The Comet vs. the Eclipse: 12P/Pons-Brooks Heads Towards Perihelion in April
Comet 12P Pons-Brooks takes center stage this Spring.
Something is definitely up with the 12th periodic comet in the catalog. We’re talking about Comet 12P Pons-Brooks, set to reach the first of two perihelia for the 21st century this Spring. And the timing couldn’t be better, as the comet will also sit near the Sun just two weeks prior during the total solar eclipse of April 8th 2024, spanning the North American continent from the southwest to the northeast. If the comet over-performs—a long shot, but multiple outbursts in 2023 suggest it just might—we could be in for the added treat of a naked eye comet near the Sun during totality.
The Intriguing Tale of Comet 12P
As of writing this, the comet is at magnitude +7.5 ‘with a bullet,’ well within range of binoculars. The comet will reach perihelion on April 21st, 2024, at 0.78 Astronomical Units (AU) from the Sun.
On a 71 year orbit (just a tad shorter than Halley’s Comet) Comet 12P can reach +5th magnitude on a favorable apparition. The name for the comet comes from the original discoverer astronomer Jean-Louis Pons, who first spotted the comet from the Marseilles Observatory in July 1812, and William Robert Brooks, who recovered the comet on the next apparition and cliched its periodic nature in 1883.
What 2023 Outbursts Mean for 2024
Keep in mind, an outburst near perihelion could vault Comet 12P up into naked eye brightness. Clearly, 12P Pons-Brooks has an active nucleus, estimated to be about 30 kilometers across. For context, Hale-Bopp had a nucleus estimated at 40-80 kilometers across. Comet 12P reached magnitude +4.5 during the last pass in 1954.
“My own thoughts on 12P is that it has been a wonderful surprise because it has been so active and with such unusual features,” astrophotographer Eliot Herman tells Universe Today. “There were predictions that 12P could be interesting from its past observations as an active comet, but I read the papers from prior passes and there are not that many images or drawings, and it appears that the observers of the era did not engage in constant monitoring.”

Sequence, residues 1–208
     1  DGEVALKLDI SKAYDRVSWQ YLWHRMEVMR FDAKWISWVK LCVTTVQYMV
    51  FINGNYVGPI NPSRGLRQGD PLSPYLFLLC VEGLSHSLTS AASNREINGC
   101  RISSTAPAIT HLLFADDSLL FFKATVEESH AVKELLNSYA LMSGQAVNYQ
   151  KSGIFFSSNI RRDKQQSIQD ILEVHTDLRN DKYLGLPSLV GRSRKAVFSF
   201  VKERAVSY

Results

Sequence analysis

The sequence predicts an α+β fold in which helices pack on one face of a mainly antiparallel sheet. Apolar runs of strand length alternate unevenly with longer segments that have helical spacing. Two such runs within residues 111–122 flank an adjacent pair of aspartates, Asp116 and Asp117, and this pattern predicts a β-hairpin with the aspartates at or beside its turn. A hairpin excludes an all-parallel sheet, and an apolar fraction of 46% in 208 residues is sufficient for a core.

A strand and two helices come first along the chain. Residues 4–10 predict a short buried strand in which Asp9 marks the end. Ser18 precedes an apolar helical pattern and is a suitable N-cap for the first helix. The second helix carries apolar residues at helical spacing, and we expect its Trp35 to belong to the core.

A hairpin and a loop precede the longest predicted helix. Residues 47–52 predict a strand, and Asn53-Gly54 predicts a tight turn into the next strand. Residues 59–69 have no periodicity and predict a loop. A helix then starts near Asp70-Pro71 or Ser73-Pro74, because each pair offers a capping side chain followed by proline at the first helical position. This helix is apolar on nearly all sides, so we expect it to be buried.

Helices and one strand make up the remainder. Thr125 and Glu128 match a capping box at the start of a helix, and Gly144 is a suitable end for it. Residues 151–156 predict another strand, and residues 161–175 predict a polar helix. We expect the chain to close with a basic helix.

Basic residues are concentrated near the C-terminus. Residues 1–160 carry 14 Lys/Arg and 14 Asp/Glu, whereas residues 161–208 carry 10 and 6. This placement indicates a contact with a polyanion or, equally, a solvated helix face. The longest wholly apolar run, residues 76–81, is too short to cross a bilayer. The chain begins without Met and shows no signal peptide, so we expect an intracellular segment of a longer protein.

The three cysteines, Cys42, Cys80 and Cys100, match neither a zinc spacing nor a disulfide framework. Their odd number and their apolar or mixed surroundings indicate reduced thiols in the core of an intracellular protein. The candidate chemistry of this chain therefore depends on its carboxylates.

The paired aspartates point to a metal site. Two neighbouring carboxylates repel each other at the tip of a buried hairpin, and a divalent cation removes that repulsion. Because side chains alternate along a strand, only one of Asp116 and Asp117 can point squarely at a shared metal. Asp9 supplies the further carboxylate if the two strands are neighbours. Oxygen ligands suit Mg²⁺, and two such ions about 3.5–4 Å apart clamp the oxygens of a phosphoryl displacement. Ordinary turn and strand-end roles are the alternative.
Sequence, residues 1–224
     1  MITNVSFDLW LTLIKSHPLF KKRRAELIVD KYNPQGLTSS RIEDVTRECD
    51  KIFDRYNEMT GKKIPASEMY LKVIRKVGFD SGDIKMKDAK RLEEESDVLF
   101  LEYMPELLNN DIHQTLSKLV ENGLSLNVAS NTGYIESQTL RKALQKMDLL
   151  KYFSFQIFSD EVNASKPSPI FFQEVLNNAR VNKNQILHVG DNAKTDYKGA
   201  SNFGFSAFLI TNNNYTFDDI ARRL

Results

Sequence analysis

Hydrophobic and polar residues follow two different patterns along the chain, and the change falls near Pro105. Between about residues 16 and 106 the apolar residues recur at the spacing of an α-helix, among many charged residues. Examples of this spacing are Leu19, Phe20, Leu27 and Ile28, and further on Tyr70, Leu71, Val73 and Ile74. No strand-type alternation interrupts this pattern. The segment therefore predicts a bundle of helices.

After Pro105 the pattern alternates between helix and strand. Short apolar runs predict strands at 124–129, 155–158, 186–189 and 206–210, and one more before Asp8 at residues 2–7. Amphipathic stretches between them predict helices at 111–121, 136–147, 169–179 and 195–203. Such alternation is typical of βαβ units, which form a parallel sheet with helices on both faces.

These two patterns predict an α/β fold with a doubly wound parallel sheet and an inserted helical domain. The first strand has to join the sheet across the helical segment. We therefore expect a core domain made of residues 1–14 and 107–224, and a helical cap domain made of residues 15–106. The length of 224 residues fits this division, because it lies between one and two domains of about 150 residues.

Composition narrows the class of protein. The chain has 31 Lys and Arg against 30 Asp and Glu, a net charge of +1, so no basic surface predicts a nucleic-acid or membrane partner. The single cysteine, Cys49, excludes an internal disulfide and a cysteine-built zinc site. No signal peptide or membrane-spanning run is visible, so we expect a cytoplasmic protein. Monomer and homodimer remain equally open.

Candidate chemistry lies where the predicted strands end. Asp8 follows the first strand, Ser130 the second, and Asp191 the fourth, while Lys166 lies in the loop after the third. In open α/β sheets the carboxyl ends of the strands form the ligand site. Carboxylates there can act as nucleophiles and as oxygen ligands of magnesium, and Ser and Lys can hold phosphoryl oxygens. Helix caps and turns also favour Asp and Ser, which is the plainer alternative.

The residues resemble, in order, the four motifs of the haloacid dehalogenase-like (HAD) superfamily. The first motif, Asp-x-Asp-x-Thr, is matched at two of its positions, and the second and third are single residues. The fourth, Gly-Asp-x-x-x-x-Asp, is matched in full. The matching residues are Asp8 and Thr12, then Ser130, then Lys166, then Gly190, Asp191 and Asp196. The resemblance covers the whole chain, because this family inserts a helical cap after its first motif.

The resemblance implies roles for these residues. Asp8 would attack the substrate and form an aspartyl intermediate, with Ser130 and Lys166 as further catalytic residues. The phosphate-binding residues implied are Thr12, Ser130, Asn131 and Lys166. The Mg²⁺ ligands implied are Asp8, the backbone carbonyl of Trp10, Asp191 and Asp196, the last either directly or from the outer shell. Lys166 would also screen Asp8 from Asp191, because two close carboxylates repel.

Herman is also collaborating with the British Astronomy Association’s campaign to observe the comet.
Tales of Two Comets
“You can compare 12P with 1P (Halley),” says astrophotographer Michael Jaeger. “Both are long-known periodic comets with a similar orbital period. Both are absolutely similarly bright. While 1P has its perihelion between Venus and Mercury, 12P only makes it slightly above the orbital plane of Venus.” This means that Pons-Brooks is generally not as spectacular as Halley’s Comet near perihelion. “Photographically, 12P already presents itself beyond the orbital plane of Mars with a faint ion tail that is more than 2 degrees long,” says Jaeger. “This will become significantly brighter over the next two months. this will give photographers the chance to take some spectacular images.”
Outbursts in 2023 shot the comet up a full 100-fold in brightness or five full magnitudes, reminiscent of the 2007 outburst from Comet 17P/Holmes which shot it up an amazing 15 magnitudes (one million times!) into naked eye brightness overnight. The 2023 outbursts gave Comet 12P/Pons-Brooks a ‘devil’s horns‘ look, reminiscent of Star Wars’ Millennium Falcon.
The 2024 apparition sees the comet well-placed for northern hemisphere observers at dusk, low to the northwest. The comet is approaching us along our line of sight and loiters across the constellations Lacerta into Andromeda and Pisces from February through April before taking the plunge southward across the ecliptic. After 2024, we won’t see Comet 12P Pons-Brooks again until 2095.
Here’s a look at comet 12P month-by-month in early 2024. As always, ‘passes near’ means less than one degree apart, unless otherwise noted:
9-Passes into the constellation Lacerta the Lizard
12-Passes near the +4th magnitude star 1 Lacertae
22-Passes into Andromeda the Princess
25-Passes 6 degrees from the Blue Snowball Nebula NGC 7662
9-Passes 8 degrees from the Andromeda Galaxy Messier 31
12-Passes between the stars Delta and Pi Andromedae
15-Passes into the constellation of Pisces the Fishes
19-Passes near the +4.5 magnitude star Tau Piscium
22-Photo op: passes just 3 degrees from the Pinwheel Galaxy Messier 33
27-Nicks the corner of the constellation Triangulum, then heads into the constellation of Aries the Ram
29-Passes near +4th magnitude star Lambda Arietis
31-Passes very near (less than 6’) from the +2nd magnitude star Hamal (Alpha Arietis)
8-Sits 24 degrees east of the Sun, during the total solar eclipse
11-Passes the ecliptic southward
14-Passes 3 degrees from Jupiter
20-Passes into the constellation of Taurus the Bull
21-Passes near 3.7 mag Xi Tauri, at perihelion
From there, the comet makes its closest Earth approach on June 2nd at 1.55 AU distant… but is much less favorably placed for observation in the southern constellation Lepus the Hare.
Don’t miss a chance to catch comet 12P/Pons-Brooks, coming to a sky near (or above) you.
The post The Comet vs. the Eclipse: 12P/Pons-Brooks Heads Towards Perihelion in April appeared first on Universe Today.
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